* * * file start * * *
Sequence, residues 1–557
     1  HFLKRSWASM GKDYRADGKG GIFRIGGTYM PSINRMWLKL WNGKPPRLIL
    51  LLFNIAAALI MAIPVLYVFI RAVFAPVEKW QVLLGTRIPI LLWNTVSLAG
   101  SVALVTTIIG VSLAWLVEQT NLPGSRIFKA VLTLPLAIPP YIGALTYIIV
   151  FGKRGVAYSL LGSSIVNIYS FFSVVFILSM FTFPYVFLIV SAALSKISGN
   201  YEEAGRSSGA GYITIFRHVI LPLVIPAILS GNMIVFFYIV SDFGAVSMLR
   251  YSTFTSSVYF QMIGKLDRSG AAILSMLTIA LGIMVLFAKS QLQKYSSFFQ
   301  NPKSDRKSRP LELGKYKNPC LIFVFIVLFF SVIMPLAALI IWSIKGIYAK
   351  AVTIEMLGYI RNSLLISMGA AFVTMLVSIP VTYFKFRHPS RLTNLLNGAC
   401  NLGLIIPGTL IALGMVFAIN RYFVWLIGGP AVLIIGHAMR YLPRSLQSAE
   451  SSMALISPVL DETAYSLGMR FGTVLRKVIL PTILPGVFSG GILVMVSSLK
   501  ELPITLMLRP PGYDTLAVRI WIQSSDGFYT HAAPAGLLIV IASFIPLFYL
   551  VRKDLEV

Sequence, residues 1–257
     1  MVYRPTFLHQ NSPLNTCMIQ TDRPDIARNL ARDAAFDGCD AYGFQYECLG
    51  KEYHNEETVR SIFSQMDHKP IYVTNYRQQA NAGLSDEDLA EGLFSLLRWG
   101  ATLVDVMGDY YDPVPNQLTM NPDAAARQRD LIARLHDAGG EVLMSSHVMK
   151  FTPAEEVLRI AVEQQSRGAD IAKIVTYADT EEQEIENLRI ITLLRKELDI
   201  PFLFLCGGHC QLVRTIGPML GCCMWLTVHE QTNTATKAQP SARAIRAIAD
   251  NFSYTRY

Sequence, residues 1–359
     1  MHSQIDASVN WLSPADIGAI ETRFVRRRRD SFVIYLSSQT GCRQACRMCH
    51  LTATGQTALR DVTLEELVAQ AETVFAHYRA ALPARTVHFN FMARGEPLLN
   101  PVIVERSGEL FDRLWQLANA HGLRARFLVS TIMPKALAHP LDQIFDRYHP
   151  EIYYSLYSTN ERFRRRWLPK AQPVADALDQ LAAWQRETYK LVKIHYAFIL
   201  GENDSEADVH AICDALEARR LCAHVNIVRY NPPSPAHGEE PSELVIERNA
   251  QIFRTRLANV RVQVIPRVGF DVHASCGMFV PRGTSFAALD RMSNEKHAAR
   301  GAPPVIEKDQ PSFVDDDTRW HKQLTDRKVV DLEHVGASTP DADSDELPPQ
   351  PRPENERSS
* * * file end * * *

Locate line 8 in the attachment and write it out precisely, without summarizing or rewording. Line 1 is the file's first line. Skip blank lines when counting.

   301  NPKSDRKSRP LELGKYKNPC LIFVFIVLFF SVIMPLAALI IWSIKGIYAK